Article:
Bronchoalveolar lavage (BAL) is a procedure used to collect a sample of cells and fluid from the lungs. The sample is then analyzed in a laboratory to help diagnose respiratory diseases.
BAL is typically performed using a bronchoscope, a thin, flexible tube that is inserted through the mouth and down the throat into the airways of the lungs. Once the bronchoscope is in place, a small amount of saline solution is sprayed into the lungs. This solution helps loosen mucus and other debris, which can then be suctioned out. A sample of cells and fluid can then be collected from the lungs and sent to a laboratory for analysis.
BAL is often used to diagnose respiratory diseases, such as chronic obstructive pulmonary disease (COPD), pneumonia, and tuberculosis. It may also be used to detect diseases that affect other parts of the body but cause symptoms in the lungs, such as congestive heart failure or cancer.
Before BAL, lung samples were obtained through invasive procedures that involved making an incision directly into the lung, such as during open-lung biopsy. With BAL, the risk of complications is lower because there is no incision into the lung and less exposure to radiation compared with other imaging techniques, such as CT scan.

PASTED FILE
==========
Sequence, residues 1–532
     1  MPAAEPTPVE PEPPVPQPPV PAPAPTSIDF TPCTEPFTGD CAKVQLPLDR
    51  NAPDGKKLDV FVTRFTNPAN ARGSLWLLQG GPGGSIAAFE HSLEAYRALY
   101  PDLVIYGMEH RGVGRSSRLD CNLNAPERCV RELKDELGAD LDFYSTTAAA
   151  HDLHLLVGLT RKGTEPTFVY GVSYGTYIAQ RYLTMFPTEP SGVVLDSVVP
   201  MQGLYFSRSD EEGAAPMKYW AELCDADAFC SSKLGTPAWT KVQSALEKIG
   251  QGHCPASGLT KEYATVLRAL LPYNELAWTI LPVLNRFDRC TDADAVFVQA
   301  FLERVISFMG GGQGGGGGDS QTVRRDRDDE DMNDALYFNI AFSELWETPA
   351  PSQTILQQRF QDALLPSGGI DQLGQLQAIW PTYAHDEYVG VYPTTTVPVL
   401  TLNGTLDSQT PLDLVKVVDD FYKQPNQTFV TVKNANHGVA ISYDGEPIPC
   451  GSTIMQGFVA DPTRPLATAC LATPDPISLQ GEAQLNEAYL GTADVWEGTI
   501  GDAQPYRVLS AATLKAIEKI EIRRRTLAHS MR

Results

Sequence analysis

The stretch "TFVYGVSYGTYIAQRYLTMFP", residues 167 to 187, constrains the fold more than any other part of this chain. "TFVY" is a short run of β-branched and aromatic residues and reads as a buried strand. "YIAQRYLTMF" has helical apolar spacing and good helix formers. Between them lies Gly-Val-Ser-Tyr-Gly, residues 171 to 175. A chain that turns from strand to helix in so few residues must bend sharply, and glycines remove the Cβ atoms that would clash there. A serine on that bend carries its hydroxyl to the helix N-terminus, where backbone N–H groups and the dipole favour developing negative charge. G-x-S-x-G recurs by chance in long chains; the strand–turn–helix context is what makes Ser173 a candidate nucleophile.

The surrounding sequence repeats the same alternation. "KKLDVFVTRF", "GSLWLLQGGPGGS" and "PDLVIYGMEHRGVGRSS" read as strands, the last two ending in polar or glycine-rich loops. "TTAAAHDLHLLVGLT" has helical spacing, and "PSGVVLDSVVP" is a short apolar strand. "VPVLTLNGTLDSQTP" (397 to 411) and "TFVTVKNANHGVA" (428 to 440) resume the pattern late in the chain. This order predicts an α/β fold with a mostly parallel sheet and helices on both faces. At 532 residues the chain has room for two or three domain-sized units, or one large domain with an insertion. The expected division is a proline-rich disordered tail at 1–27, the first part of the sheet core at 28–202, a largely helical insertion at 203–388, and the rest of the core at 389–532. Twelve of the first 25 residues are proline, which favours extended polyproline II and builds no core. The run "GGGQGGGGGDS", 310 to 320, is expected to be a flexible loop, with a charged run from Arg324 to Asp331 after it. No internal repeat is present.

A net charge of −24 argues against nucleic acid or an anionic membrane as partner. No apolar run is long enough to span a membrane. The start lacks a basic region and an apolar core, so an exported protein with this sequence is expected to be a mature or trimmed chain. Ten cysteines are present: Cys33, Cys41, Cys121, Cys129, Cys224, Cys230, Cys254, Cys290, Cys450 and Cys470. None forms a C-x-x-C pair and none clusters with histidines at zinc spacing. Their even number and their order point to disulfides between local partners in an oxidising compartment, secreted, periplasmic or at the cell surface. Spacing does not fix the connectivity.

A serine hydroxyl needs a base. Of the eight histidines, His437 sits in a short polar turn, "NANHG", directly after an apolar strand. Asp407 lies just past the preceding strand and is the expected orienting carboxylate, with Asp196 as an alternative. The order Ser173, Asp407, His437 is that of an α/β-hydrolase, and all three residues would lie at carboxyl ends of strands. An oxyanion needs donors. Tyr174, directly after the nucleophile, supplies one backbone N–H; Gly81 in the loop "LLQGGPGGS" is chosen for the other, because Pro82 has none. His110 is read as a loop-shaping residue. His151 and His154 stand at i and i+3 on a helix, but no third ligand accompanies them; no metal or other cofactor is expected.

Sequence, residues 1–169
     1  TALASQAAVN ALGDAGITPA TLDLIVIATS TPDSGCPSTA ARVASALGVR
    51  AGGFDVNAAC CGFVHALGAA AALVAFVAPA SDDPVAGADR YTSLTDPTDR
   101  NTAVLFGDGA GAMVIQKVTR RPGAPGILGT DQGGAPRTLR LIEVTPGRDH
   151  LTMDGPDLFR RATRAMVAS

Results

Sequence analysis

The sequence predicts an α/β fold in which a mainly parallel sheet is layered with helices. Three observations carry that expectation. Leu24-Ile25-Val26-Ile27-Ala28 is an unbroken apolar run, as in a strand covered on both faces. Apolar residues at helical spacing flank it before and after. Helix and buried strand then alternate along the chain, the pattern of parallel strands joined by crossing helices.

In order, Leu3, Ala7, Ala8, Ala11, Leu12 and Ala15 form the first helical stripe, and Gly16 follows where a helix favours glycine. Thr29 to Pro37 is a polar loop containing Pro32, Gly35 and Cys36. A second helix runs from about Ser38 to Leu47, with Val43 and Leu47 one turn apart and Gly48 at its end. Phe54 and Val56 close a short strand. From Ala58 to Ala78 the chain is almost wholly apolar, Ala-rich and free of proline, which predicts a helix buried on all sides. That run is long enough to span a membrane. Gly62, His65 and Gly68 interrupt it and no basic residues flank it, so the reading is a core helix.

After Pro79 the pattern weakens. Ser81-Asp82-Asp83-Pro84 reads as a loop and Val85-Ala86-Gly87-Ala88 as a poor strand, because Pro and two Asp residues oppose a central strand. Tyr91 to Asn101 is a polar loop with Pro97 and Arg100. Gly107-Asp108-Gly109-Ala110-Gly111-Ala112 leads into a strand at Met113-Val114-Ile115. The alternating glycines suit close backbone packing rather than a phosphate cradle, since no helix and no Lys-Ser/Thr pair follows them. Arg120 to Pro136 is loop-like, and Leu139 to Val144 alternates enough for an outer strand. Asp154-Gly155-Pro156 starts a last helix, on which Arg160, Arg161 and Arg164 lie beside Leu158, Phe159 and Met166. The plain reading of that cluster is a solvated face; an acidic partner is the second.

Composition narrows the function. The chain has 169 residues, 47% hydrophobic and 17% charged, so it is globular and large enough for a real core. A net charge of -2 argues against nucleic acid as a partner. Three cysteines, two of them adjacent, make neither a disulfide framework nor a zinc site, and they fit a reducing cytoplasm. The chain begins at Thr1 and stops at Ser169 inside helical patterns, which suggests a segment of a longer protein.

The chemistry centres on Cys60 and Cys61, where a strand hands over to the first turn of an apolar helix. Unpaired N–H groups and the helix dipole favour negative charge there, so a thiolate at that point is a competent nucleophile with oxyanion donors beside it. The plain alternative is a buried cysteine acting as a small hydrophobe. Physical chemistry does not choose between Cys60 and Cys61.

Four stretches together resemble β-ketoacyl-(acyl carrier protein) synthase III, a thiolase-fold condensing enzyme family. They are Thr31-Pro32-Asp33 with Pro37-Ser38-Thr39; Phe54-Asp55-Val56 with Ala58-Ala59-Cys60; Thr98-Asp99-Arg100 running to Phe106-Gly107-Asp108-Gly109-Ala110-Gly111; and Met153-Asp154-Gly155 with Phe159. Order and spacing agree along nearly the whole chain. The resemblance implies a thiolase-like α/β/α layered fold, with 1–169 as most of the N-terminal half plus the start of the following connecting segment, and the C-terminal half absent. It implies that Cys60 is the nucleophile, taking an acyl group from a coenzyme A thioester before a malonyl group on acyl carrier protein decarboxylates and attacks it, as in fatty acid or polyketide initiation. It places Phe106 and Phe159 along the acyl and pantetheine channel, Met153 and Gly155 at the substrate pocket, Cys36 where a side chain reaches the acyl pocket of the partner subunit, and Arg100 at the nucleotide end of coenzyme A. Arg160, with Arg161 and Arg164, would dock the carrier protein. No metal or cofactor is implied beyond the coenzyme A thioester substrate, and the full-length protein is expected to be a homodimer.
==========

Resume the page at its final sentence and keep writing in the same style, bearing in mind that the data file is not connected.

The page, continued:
Preparation for a bronchoscopy may vary depending on your particular situation and needs. Prior to the procedure, you may be asked to not eat or drink for a certain number of hours. You will be given a sedative prior to the procedure and most likely you will be asleep through the process. A bronchoscopy usually takes about 20 – 30 minutes.
You will likely experience some shortness of breath during and immediately following your procedure. This is a normal part of the process, but if you are concerned about your breathing, let your doctor know.
The procedure often causes coughing and discomfort in the throat. The doctor may provide additional medication to help you feel more comfortable during the procedure. If you have asthma or allergies, be sure to tell your doctor before the procedure. You may need to take steroid medication to help prevent an asthma attack.
You will be given a prescription for antibiotics before the procedure, but it is very important that you start taking them as directed immediately after your bronchoscopy. This ensures that bacteria in the sample are killed while they are still in your body and not allowed time to spread to other parts of the body. If you are allergic to any antibiotics, let your doctor know before the procedure. You may receive another type of medication instead.
You will likely be able to return to your usual level of activity right away after a bronchoscopy. Your healthcare team will tell you when it is safe for you to return to work or your usual activities.
You will likely be given medication to prevent nausea and vomiting, but if you experience any discomfort afterward, call your doctor right away. For more information on this procedure including risks, availability, costs and preparation required please give our office a call to discuss.